So, what is CX — and why does it matter so much to the new-age customer?

“Today’s customers need a very good reason to give you their money and it is high time business got out there to understand how customers perceive and experience their brands. Not just at the point of purchase, but holistically. It means embedding a customer-centric perspective into your organisation’s corporate DNA.” Mandisa Makubalo, Founder and Managing Director, Unlimited Experiences SA

In simpler times, one of the basic rules of business stated that persuading customers to give you their money simply involved offering them the right product at the right price. But in these turbulent times, when the very fundamentals of business are challenged every day, product and price are no longer enough to satisfy the expectations of an increasingly sophisticated and demanding customer base. So, if you take the old school ‘take it or leave it’ approach to customer relations, there’s a very high risk that customers will leave it.

Emotional touchpoints

All this helps to explain the growing importance of Customer Experience — more commonly known as CX. Briefly, CX is about how your customers perceive the way your business treats them on a personal, emotional and sensory level through a series of touchpoints that go well beyond just product and price. Examples include your advertising and social media content, your packaging and advertising, your customer service and corporate values. Even the music you play in your stores. The argument for embracing CX goes as follows: the way people experience your business through these touchpoints plays a major role in capturing their loyalty — and their money. Put simply: if people like your business, they will keep buying from you while recommending your goods or service to others.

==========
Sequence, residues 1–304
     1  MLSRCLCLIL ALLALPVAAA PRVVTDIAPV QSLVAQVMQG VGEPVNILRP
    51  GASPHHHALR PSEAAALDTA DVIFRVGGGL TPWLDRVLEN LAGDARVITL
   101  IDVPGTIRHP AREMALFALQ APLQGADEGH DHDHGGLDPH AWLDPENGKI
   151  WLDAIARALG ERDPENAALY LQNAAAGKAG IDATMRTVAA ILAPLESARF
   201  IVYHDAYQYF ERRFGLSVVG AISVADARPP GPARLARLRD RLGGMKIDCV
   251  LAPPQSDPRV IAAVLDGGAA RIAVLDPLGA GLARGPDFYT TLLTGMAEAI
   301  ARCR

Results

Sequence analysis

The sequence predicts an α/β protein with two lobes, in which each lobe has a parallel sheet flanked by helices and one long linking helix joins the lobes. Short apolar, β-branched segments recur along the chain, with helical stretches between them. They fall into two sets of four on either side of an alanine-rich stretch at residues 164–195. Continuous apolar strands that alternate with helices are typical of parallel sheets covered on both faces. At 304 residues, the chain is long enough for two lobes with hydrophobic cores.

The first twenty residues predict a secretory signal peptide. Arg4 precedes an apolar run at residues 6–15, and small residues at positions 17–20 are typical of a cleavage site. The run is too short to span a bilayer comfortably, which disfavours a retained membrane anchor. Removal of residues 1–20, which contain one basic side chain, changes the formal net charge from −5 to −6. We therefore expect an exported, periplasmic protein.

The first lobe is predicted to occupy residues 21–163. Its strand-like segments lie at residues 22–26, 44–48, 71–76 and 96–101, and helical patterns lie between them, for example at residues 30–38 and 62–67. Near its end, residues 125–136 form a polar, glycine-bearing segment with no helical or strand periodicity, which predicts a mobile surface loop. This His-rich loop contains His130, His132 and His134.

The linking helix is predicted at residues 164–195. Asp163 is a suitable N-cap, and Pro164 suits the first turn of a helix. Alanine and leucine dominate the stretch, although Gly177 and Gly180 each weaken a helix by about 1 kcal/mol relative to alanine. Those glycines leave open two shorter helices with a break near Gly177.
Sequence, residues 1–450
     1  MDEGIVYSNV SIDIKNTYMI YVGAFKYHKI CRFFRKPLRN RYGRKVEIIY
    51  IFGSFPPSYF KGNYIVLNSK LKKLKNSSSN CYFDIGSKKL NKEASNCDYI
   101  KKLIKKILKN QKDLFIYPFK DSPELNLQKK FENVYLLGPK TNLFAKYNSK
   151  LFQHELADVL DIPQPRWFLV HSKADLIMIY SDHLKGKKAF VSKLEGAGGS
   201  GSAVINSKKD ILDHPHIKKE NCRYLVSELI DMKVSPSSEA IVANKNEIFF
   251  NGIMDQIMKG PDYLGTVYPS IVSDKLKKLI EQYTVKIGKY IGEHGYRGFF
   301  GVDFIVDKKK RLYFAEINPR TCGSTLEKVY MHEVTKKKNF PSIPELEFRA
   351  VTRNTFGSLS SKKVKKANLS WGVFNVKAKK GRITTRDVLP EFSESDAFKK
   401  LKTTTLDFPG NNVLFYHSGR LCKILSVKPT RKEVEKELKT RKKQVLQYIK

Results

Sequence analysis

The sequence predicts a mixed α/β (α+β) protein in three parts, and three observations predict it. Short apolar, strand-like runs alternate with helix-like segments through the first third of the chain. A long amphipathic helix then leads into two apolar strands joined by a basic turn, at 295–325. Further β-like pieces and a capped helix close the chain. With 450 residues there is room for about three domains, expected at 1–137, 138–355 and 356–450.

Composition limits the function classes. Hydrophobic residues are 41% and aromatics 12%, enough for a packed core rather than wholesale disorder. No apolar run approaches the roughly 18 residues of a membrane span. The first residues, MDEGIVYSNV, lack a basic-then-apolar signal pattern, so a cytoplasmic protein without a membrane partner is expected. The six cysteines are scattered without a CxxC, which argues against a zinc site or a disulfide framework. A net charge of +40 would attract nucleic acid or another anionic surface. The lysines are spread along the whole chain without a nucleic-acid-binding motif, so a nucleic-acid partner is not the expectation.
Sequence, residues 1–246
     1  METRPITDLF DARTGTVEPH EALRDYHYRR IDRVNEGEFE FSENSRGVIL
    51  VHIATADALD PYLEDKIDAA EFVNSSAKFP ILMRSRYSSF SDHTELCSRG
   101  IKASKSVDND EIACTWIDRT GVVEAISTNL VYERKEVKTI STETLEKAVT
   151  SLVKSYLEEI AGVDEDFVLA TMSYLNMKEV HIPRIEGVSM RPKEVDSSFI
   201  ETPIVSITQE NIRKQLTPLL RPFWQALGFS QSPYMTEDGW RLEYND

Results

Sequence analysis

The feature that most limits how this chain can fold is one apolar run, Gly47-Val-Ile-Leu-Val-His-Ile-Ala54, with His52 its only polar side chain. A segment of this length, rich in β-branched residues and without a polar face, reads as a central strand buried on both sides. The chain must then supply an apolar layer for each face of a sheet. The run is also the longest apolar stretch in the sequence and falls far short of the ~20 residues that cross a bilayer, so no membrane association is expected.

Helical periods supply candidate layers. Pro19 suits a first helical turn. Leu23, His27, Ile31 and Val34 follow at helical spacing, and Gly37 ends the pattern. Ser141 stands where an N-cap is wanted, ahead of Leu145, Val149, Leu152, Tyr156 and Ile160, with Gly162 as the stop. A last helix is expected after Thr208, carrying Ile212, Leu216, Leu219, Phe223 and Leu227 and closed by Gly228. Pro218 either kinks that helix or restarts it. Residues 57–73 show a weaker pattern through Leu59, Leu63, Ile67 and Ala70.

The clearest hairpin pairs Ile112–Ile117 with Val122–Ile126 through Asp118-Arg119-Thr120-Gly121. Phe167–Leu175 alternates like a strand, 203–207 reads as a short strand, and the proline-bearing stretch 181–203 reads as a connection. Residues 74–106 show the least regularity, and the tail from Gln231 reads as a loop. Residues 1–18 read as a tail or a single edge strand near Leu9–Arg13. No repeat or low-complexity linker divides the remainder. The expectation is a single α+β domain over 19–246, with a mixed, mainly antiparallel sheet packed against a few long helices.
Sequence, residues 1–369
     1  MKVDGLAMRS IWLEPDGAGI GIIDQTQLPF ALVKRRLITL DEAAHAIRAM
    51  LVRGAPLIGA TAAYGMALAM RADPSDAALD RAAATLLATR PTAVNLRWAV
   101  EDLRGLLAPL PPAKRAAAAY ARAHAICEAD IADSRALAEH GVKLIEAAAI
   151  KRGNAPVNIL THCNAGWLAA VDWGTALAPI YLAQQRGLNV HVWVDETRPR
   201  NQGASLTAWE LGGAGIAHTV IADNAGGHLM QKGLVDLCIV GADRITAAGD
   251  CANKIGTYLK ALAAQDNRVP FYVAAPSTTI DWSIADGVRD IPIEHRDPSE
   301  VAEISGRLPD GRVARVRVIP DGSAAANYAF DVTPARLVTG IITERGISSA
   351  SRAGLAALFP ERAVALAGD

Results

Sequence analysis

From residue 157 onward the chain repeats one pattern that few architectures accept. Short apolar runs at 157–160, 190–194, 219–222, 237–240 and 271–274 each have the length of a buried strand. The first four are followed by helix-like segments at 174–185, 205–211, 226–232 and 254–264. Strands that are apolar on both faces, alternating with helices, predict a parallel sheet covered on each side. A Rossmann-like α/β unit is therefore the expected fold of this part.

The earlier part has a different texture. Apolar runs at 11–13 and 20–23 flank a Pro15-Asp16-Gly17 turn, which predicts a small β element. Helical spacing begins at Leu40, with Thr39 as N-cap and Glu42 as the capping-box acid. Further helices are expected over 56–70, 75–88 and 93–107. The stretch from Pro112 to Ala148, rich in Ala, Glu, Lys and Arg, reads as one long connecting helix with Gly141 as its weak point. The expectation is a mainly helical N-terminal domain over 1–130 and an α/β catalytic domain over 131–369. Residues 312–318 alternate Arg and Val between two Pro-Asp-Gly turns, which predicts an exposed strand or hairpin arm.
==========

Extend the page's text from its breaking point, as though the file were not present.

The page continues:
There are some compelling statistics in favour of the CX argument. A survey carried out by Econsultancy on behalf of Digital Marketing Trends in 2018 revealed that 22% of the companies questioned ranked CX as the single most exciting marketing opportunity for 2019, placing it significantly ahead of content marketing (15%) and mobile marketing (13%). Research also reveals that 86% of buyers are willing to pay more for a great customer experience; while 73% of buyers identify CX as an important factor in their purchasing decisions. What’s more, the Temkin Group also established that investing in CX initiatives can potentially double revenue within 36 months.

Transformative impact

Given the statistics, it’s not surprising that CX is having such a transformative impact on the global marketing landscape, including Africa’s. At the end of July, over 600 delegates represented more than 200 companies gathered in Cape Town for the Customer Experience Management (CEM) Africa Summit to map their way across ‘the new battleground for business’.

Among those who attended was Mandisa Makubalo, founder and Managing Director of the Cape Town-based CX consultancy, Unlimited Experiences SA. She agrees that the new rush to put the customer first begs an obvious opening question: What happened to the old maxim that the customer is always right? “The answer is simple,” says Mandisa. “Very few businesses ever backed up their customer-first talk with customer-first action. As a result, customers have been left bleeding by poor service for too long. That, however, is changing fast, primarily because customers now hold the cards and businesses must operate on their terms.”

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